Dr Brendan Darby, Dr Matthias Mayer and Professor Eric Le Ru from the School of Chemical and Physical Sciences, have spent the last year progressing the development of CloudSpec—a new technology that has the potential to revolutionise colour analysis in the wine industry, thanks to its ability to analyse ‘cloudy’ solutions.
“Winemakers need to be able to measure certain aspects of their vintage at an early stage to know how the colour—which is inherently linked to taste perception—will end up,” explains Brendan. “But during fermentation wine is is often cloudy and therefore difficult to measure using traditional spectroscopy techniques. CloudSpec is a ‘new generation’ spectroscopy instrument that significantly simplifies the process for measuring wine colour, enabling the cloudy liquid to be analysed more quickly and accurately.”
Brendan says that if wineries can measure colour ‘early and often’, they can monitor ferments more closely and identify which parameters are impacting colour development during ferment: “Control over the final product is crucial to ensure a consistent blend,” he says. “Wineries ultimately want to understand the factors affecting colour development in wine and having that information early on is vital to tracking the final colour profile in the bottle.”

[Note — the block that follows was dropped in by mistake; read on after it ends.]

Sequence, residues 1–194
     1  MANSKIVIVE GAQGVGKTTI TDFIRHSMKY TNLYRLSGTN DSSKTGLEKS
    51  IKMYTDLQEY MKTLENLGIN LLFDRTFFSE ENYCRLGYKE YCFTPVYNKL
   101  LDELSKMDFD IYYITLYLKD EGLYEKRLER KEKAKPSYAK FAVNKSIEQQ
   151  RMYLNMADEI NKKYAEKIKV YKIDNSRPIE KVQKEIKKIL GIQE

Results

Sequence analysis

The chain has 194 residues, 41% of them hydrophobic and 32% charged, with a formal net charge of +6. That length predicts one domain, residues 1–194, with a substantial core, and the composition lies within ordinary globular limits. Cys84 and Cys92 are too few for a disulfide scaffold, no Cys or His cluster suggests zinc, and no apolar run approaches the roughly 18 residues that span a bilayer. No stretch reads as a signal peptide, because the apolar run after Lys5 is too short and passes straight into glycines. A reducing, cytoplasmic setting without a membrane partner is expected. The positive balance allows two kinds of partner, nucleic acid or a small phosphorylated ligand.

Using pre-seed funding from KiwiNet and Viclink, the team spent the early part of this year taking CloudSpec from a concept to a prototype, which they then used to conduct a full field trial during the 2017 New Zealand vintage. “We spent two weeks in the lab with one of New Zealand’s top wineries—and are delighted to report that we were able to prove CloudSpec’s efficacy,” says Brendan.
The next step, he says, is to develop the prototype into a user-friendly product rather than a lab instrument, working with local mechanical engineers to ensure the highest quality build.
Because product development is a little ‘out of left field’ for most scientists, Viclink has been closely supporting the team throughout their journey, most recently setting up a Technology Business Unit (TBU)—called MaramaLabs—to ease the transition from early-stage research into a fully-fledged business.
“Right now we are focusing on building a quality product rather than starting a business, so the TBU idea is perfect for us, providing the right environment for transitioning to a separate business entity,” says Brendan. “Viclink has offered amazing support; we really have appreciated their honesty and transparency and, perhaps most of all, their faith in us.”
That faith appears to be well placed, as Viclink and the MaramaLabs team believe there is clear market potential for CloudSpec in a host of other industries—including the beer business.
“Getting the colour of beer right is equally as important as with wine,” Brendan says. “We are only scratching the surface of the number of potential applications with global appeal.”